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Museveni attacks Mukula over Raila money

President Museveni has accused a senior NRM figure, Capt Mike Mukula, of receiving huge sums of money to run a sabotage campaign on behalf of Kenya’s Prime Minister Raila Odinga at the just concluded East African Legislative Assembly (EALA) elections in Arusha.

“I have intelligence reports that you received money from Raila to bribe delegates at Arusha. This is the same money Francis Babu used to bribe delegates from other East African countries to support the bid of his wife,” Museveni was quoted as having said during a meeting he called at his countryside home in Rwakitura, Kiruhura district.

Highly placed sources in the ruling party who attended the meeting confirmed to The Observer that the President made this accusation. Babu, the NRM vice chairman for Kampala region, was in Arusha to drum up support for his wife, Margaret Zziwa, who was eventually elected EALA Speaker. Mukula was one of Zziwa’s key campaigners.

It is not clear yet at what stage Odinga picked interest in the election, but sources claim he wanted to humiliate Uganda. Eventually, the incident was a diplomatic embarrassment to Uganda in the region. Museveni called the Rwakitura meeting to reconcile with the Speaker of Parliament, Rebecca Kadaga and Prime Minister Amama Mbabazi, both of whom he had sharply criticised during the NRM caucus meeting of June 18 at State House, Entebbe.

This latest accusation could likely touch off a diplomatic row between the two countries and dent the notoriously fickle relationship between Museveni and Odinga. Mukula, who is NRM vice chairperson for the eastern region, was present during the Rwakitura meeting, which was also attended by members of the party’s highest organ, the Central Executive Committee (CEC).

Mukula vehemently denied the accusations. He said although he and Odinga were friends, at no time did he receive money from the Orange Democratic Movement (ODM) leader for the EALA speakership election. We understand that the camaraderie of Mukula, a former junior Health minister and Odinga, who is leading in opinion polls ahead of Kenya’s presidential polls in 2013, has become a source of numerous investigations by intelligence organs.

Last year, Mukula hosted Odinga for his victory celebrations at his home in Soroti municipality, following his election to Parliament. Odinga returned the favour when he invited Mukula, alongside Museveni, to the launch of a new regional university in Kisumu early this year. Mukula, who has not ruled out contesting for the presidency in 2016, was quoted by the whistleblowing website WikiLeaks as having revealed to former US ambassador to Uganda, Jerry Lanier, that Museveni was grooming his son, Col Muhoozi Kainerugaba, to succeed him.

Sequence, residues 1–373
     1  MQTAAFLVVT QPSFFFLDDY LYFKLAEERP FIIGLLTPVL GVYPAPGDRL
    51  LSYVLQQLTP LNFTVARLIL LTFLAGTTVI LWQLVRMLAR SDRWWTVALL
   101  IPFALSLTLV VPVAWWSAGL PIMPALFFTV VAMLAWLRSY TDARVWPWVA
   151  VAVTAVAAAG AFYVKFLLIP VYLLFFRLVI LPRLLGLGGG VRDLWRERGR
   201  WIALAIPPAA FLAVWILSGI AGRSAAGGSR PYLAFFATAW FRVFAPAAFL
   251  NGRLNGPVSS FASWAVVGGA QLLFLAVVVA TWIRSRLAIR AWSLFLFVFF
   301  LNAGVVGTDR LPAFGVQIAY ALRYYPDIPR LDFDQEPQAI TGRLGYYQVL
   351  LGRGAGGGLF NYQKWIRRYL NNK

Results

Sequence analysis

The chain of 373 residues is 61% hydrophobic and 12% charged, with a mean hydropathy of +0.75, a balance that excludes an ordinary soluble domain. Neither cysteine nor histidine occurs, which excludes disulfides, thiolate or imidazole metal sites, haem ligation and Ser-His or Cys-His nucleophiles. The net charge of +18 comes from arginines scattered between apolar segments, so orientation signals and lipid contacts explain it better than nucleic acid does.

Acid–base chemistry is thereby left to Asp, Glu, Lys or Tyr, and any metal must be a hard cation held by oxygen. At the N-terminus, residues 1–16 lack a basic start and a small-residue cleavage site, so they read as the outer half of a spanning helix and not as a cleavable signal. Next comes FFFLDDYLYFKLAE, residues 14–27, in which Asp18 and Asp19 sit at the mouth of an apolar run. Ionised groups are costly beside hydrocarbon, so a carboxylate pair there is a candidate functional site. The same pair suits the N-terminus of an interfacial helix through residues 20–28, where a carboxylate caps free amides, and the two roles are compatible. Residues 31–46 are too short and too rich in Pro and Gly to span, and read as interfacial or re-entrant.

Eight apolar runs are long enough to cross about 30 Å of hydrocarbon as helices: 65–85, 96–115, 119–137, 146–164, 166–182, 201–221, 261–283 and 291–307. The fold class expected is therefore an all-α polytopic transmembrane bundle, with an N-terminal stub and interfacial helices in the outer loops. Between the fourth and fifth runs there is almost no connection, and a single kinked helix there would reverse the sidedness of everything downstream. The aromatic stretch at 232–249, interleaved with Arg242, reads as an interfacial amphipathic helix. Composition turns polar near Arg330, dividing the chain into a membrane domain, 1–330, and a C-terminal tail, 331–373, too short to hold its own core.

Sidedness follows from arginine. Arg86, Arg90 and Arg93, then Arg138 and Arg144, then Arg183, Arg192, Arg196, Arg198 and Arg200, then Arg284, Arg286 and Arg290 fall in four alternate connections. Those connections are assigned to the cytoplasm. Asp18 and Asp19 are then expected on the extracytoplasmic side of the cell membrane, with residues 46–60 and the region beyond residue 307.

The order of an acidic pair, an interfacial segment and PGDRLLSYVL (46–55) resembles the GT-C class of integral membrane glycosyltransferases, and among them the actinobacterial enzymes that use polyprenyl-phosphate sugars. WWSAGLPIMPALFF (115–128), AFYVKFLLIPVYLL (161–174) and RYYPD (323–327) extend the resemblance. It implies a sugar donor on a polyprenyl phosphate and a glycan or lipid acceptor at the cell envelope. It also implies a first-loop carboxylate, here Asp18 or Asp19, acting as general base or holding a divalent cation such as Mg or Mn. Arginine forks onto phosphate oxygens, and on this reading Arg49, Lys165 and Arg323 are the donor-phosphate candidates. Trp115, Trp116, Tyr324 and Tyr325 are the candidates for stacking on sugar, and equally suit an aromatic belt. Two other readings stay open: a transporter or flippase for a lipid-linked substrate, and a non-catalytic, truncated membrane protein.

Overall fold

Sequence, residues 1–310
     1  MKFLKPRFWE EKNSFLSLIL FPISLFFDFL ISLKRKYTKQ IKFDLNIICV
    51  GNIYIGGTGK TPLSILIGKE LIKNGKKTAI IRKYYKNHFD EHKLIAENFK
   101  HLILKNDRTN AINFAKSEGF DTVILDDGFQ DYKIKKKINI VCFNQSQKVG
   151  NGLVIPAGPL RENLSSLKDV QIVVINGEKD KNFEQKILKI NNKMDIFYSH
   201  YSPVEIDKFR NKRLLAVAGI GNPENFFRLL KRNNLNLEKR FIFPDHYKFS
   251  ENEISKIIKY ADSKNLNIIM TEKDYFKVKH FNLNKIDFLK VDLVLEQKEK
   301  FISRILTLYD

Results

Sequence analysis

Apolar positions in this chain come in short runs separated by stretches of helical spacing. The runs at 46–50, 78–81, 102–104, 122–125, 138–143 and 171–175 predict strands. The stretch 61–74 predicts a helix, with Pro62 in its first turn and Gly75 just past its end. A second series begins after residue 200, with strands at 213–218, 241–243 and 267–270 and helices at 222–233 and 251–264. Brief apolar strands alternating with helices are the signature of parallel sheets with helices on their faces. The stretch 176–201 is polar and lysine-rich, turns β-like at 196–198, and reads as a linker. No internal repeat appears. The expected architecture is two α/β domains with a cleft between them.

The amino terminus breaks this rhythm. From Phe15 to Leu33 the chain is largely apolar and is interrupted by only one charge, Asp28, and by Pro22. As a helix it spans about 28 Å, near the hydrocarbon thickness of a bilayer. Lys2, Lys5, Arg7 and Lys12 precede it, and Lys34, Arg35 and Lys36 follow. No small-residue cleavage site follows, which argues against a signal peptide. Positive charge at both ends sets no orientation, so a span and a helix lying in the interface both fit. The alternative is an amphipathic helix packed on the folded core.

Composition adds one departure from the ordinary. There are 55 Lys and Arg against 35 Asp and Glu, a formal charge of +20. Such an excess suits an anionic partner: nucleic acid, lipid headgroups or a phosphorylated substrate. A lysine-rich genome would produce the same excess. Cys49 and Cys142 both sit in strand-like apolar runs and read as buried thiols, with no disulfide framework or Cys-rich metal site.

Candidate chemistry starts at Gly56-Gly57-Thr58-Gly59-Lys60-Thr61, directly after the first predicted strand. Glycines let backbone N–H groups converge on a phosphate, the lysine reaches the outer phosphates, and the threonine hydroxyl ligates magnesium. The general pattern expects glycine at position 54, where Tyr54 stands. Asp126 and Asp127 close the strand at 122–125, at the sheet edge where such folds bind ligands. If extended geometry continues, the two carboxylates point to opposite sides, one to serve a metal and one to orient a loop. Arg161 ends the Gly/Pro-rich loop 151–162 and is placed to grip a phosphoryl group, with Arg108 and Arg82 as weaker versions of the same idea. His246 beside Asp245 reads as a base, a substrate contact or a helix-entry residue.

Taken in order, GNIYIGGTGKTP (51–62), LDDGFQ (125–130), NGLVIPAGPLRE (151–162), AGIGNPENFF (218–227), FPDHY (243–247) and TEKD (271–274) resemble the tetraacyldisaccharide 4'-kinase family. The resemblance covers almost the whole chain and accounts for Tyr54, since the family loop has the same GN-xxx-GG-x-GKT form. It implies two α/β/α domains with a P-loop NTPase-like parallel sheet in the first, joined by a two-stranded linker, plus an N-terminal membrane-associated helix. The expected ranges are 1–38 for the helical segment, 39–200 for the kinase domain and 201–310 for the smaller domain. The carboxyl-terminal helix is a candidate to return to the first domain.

However, Mukula last week denied having been accused at the Rwakitura meeting.

“No; that is not correct. We didn’t go to discuss anything to do with money,” he told The Observer on phone.

Babu also denied receiving a war-chest from Odinga to support his wife. However, Babu, a former junior Housing minister, said he had no choice but to back his wife because Kadaga and Mbabazi were supporting Dora Byamukama for the EALA speakership.

“I don’t want to speak about Rwakitura and you know the meeting was closed. Please, I will not say anything,” Babu told The Observer.

The acting NRM whip, Daudi Migereko and his deputy, David Bahati, did not return our calls. Kadaga and Mbabazi, whom the president recently criticised for anointing Byamukama as the NRM flag bearer for the EALA speakership without seeking the caucus’ consent, reportedly fought valiantly at the meeting to clear their names. They told Museveni that they were not to blame for the fiasco in Arusha because they had fruitlessly tried for five days to seek audience with him.

A source claims that Mbabazi told the President that he had telephoned him for five days in a bid to seek his opinion on who should be the flag bearer without any success. He later consulted the minister in charge of East African Community Affairs, Eriya Kategaya, on the matter. It was then, Mbabazi said, that the NRM decided to back the consensus candidate after an internal poll amongst EALA delegates from Uganda voted overwhelmingly in favour of Byamukama.

On her part, Kadaga said by the time she travelled to Arusha, she was only aware of one NRM flag bearer — Byamukama. Kadaga added that although she went to Arusha, her objective was not to campaign for Byamukama.

Museveni, taken aback by the recent fissures and jockeying within the party, then said it appears that the relationship between Kadaga and Mbabazi had thawed. Kadaga, Mbabazi, Migereko and Bahati were reportedly seated at the same side of the table. In response, Kadaga reportedly said she had never had a problem with the prime minister and that media reports indicating the contrary had been peddled by people with their own agendas.


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